Guest Column - Traffic stops to get complicated

Guest Column - Traffic stops to get complicated

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Todd Nehls
Todd Nehls


Dodge County Sheriff

Beginning Jan. 1, law enforcement officers will be required to collect 46 different data elements during each traffic stop made and then submit this information to the state. This new requirement is a result of racial profiling accusations which created a new administrative code that directs law enforcement to collect and submit additional data for each traffic stop.

We will be required to collect all stop data, vehicle data, occupant data, reason and outcome data and search data. The new form will require 46 different data fields, 23 of which are collected via the citation, with an additional 16 data fields required should the officer search the vehicle and even more data fields should the driver or passengers be searched. 

This data collection is mandatory if, 1) any contact is made by an officer with a driver, 2) the stop was conducted on a public street, 3) the traffic stop was initiated by the officer, and  4) the traffic stop resulted in detention of the motor vehicle. This data must be collected regardless of whether the traffic stop resulted in a citation, verbal or written warning, or even if no official action was taken what so ever. 

In preparation for the upcoming traffic data collection requirement, we have aggressively pursued the modernization of our mobile data computer (in-squad computers) program. We should, prior to the required date, have the ability to complete the Wisconsin Traffic Stop Data Collection Form electronically and submit the completed form to the state electronically.

 The system we will use for this process is called BadgerTraCS. Not all law enforcement agencies are ready to conform to this new mandate and the sheriff’s department is doing what it can to assist them with this new requirement. Agencies unable to complete the data form electronically will be burdened to do it manually and mail in the forms. Those agencies who do not comply face a penalty.

So why are we required to do this?  There is a suspicion within the state of a disproportionate number of non-whites than whites being stopped so the data will be used to determine if racial minorities are unfairly being targeted by law enforcement.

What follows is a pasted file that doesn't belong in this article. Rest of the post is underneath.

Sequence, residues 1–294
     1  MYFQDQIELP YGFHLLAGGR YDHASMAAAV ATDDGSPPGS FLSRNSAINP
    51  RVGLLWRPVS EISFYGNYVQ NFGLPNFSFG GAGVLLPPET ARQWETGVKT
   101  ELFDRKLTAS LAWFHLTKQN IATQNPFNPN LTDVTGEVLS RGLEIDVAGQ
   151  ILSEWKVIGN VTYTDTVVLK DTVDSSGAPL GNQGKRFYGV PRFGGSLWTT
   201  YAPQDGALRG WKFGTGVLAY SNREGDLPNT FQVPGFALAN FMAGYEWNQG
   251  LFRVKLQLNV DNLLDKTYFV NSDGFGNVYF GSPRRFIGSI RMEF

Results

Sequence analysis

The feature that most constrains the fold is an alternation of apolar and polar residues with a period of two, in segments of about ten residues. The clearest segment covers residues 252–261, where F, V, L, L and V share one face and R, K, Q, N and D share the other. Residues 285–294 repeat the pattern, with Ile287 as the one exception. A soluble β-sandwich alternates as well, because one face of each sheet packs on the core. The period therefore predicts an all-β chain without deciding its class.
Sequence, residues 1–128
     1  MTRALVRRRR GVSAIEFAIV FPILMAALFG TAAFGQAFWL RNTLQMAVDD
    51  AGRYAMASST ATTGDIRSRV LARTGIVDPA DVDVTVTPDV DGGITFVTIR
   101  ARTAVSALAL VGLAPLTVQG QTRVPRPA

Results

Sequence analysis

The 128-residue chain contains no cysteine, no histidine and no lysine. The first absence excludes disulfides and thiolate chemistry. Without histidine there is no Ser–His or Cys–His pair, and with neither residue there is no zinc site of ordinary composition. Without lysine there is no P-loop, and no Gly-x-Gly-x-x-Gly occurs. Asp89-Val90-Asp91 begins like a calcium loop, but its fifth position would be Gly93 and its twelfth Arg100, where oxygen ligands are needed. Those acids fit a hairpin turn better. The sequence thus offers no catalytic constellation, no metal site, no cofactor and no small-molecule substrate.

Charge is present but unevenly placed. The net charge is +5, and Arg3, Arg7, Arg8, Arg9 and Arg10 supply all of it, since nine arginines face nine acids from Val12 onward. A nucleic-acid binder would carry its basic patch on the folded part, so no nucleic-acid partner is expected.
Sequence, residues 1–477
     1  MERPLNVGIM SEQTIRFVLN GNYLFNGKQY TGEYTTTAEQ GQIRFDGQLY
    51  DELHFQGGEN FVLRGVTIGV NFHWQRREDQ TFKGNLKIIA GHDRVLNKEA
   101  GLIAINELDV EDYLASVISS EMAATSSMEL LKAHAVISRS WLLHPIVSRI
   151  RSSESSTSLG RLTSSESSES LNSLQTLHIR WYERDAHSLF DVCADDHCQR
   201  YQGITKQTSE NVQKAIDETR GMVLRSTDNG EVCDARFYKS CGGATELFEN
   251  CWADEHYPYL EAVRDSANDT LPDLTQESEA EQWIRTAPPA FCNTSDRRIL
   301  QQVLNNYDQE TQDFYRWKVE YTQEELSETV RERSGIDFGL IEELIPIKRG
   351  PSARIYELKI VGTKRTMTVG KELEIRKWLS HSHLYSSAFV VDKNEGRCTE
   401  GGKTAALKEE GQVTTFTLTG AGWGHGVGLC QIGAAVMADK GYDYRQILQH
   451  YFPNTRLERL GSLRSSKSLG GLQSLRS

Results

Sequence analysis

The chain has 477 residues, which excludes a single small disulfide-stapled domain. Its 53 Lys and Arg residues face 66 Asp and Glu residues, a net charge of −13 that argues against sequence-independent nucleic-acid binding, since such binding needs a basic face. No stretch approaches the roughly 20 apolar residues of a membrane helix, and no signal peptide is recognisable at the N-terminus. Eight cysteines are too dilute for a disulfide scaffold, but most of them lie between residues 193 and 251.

In Dodge County I can say with great certainty this is not an issue. What our legislators did was force all of us to carry this burden rather than address it in areas of the state where racial profiling is suspected. The data we submit will be analyzed by the Wisconsin Statistical Analysis Center,  which will then tell us if our traffic stops are disproportionate between whites and non-whites.

 I have two concerns, 1) the race of the officer is not taken into account with this traffic data, and 2) there is no “sunset clause” on this legislation, meaning as of now, this data will be collected and analyzed indefinitely. I share this with you as traffic stops may last longer and additional questions may be asked of you by the deputy. This will include questions of the driver and any and all passengers.

The first report to agencies is anticipated to be published in July 2012. I assure all of you who live in Dodge County and those who drive through or visit, we do not racially profile, we have never been accused of racial profiling, and the staff at the department is very professional and treats all on an equal basis. 

Bottom line, a mandate which may make those in Madison feel better will require us to do more when we have a hard time doing what we need to do now.

 Thanks for listening.    

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